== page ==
The Changing Political Landscape
Political Advocacy Tracker is a roundup of what Christian activist organizations have been talking about this week.
Activists saw the political terrain shift in 2010, and as a result, political advocacy groups will likely need to change strategies next year. Here are six events from the past year that are likely to continue to shape politics in 2011.
6. The Line Between Debate and Hate
Next year, the Southern Poverty Law Center (SPLC) will list 13 "anti-gay" groups as "Hate Groups." The SPLC said that these groups use propaganda; it does not list groups simply for believing that homosexuality in unbiblical. While some groups listed might be considered extreme and incendiary, others are considered mainstream groups within conservatism. The SPLC designations included the Family Research Council (FRC), American Family Association (AFA), and Traditional Values Coalition (TVC). The SPLC stopped short of lableing Concerned Women for America (CWA), Coral Ridge Ministries, and The National Organization for Marriage (NOM) as hate groups, but it did list them as anti-gay groups that use propaganda.
SPLC's Mark Potok debated FRC president Tony Perkins on the hate group designation during Monday's Hardball with Chris Matthews on MSNBC. Potok said one reason for the FRC designation was Peter Sprigg's statement in February that homosexual behavior should be outlawed. Perkins responded by saying that Sprigg was referring to the FRC's position in 2003 when the U.S. Supreme Court ruled in Lawrence and Garner v. Texas that sodomy laws were unconstitutional. Perkins said the FRC is not currently working to criminalize homosexuality.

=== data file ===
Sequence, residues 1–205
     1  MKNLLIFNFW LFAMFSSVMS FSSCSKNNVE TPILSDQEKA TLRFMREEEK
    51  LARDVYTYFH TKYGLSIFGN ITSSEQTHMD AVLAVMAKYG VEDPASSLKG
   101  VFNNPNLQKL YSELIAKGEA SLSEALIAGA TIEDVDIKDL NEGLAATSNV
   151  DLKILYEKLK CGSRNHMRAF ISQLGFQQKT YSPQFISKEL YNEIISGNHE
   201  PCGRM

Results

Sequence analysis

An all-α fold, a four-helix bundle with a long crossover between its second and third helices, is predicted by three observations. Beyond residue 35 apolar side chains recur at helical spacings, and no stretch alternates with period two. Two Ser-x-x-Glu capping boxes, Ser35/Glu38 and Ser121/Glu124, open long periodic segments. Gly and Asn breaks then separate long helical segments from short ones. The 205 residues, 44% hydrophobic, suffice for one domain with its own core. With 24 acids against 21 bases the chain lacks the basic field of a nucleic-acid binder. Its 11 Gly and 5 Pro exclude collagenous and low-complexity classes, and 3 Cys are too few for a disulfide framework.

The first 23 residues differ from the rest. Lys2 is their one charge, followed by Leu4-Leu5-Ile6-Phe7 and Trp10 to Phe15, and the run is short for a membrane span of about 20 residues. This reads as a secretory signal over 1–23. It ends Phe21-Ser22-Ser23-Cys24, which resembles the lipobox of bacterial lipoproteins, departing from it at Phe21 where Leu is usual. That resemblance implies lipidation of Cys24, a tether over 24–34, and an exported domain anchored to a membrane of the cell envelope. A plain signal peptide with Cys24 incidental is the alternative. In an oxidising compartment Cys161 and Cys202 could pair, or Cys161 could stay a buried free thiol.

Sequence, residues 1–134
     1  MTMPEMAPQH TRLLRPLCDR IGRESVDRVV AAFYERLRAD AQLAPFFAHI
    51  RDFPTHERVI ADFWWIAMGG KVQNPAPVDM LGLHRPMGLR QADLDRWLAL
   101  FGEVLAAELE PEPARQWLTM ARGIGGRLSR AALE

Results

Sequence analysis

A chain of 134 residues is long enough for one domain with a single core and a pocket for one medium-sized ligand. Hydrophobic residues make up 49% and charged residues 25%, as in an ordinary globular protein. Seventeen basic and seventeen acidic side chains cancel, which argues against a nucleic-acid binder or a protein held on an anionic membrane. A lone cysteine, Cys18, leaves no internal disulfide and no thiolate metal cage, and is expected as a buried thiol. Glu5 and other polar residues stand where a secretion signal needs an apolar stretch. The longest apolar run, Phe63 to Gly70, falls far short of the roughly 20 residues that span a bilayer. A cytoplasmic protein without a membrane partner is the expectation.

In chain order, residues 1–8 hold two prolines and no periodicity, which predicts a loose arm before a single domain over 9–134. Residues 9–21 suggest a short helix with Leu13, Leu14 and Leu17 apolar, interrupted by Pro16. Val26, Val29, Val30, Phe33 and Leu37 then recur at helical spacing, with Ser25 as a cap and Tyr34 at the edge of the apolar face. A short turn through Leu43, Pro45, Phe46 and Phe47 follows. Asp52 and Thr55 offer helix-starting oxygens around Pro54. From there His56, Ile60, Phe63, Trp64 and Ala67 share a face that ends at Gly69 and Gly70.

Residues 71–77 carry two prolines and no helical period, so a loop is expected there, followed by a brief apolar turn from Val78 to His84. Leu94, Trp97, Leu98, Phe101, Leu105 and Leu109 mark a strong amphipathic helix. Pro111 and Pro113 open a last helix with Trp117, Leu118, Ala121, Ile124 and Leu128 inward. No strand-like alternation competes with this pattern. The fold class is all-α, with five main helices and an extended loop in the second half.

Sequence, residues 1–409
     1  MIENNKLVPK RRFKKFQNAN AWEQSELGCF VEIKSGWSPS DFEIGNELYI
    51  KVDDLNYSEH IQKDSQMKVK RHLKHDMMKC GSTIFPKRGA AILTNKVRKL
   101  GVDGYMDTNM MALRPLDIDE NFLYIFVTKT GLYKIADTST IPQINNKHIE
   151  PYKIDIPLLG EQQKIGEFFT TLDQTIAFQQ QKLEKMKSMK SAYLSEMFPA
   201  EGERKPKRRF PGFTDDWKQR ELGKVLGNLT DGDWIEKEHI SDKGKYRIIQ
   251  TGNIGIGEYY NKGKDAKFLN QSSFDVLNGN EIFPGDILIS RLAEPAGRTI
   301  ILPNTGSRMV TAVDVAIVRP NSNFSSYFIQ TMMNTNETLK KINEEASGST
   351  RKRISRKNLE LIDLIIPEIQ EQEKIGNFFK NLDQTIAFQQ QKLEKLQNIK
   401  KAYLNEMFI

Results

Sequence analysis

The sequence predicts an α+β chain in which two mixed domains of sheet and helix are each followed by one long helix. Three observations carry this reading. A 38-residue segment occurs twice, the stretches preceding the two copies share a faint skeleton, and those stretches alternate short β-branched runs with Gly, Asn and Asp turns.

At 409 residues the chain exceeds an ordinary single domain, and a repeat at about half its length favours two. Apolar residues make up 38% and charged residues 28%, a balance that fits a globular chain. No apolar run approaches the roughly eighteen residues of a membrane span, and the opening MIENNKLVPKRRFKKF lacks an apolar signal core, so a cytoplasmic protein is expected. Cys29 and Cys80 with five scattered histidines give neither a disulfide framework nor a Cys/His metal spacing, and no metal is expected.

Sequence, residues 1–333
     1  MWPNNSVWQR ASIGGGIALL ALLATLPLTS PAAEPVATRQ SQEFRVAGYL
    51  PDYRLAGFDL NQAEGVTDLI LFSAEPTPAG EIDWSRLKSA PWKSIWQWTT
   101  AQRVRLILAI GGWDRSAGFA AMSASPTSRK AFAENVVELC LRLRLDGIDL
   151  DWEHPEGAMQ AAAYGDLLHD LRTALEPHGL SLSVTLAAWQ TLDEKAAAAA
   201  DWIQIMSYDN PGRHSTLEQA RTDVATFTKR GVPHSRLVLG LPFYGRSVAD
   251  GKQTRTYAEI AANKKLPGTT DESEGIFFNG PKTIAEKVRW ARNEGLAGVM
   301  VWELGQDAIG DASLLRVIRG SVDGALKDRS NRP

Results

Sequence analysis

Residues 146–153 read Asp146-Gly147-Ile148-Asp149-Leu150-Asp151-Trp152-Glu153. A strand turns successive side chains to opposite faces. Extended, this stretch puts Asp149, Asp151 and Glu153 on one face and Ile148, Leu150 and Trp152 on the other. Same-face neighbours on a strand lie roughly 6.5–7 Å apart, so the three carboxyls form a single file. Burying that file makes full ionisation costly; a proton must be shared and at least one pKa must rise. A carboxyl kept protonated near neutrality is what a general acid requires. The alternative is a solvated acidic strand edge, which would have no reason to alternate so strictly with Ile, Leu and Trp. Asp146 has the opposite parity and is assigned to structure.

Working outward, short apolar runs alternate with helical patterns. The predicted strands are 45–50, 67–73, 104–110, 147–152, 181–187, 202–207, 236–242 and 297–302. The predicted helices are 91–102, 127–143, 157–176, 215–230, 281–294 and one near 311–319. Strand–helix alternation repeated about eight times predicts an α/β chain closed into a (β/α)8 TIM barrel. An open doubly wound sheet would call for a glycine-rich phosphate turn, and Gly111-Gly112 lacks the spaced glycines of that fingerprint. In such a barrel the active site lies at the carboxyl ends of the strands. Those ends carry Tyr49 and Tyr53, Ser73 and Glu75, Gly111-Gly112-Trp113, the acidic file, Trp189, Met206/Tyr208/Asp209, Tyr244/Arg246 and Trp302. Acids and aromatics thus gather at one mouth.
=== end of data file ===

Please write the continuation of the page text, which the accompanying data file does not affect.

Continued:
5. Who Does Bryan Fischer Represent?
Bryan Fischer is an analyst, radio talk show host, and blogger for the AFA and American Family Radio. Earlier this year the AFA put a disclaimer on his blog posts that Fischer's opinions are not those of the AFA.
Over the past year, Fischer found God's judgment in stories of baseball, bears, and killer whales. He said Latinos—particularly Catholic Latinos—are not pro-family. Fischer said homosexuality should be outlawed and that homosexuals caused Nazism and the Holocaust. His harshest words, however, were aimed at Muslims. Fischer proposed that the government deport all Muslims, expel them from the military, and forbid more mosques. In addition to his view that moderate Muslims do not exist, Fischer also says, "The massive inbreeding in Muslim culture may well have done virtually irreversible damage to the Muslim gene pool, including extensive damage to its intelligence, sanity, and health."
Fischer continues to make headlines. He was a featured speaker at this year's Values Voters Summit. National Public Radio and The New York Times have interviewed Fischer as a representative of social conservatives. Even the Colbert Report featured him.
4. 'Public Outrage' Alters Battles Over Courts
For most of the year, social conservatives lost battles over the courts. The summer brought the vacancy left by retiring U.S. Supreme Court Justice John Paul Stevens. President Obama's nominee, Elena Kagan, was instantly vilified by conservatives as inexperienced, activist, and political. Activists pushed Republicans to filibuster her nomination, but in the end, she was approved.
In August, U.S. District Court Judge Vaughn Walker ruled that Proposition 8 violated the U.S. Constitution. This 2008 proposition amended the California constitution to include a definition of marriage as a union between one man and one woman. Not surprisingly, social conservatives were outraged. Chuck Colson said at BreakPoint, "my hopes are … in the groundswell of public outrage and resistance."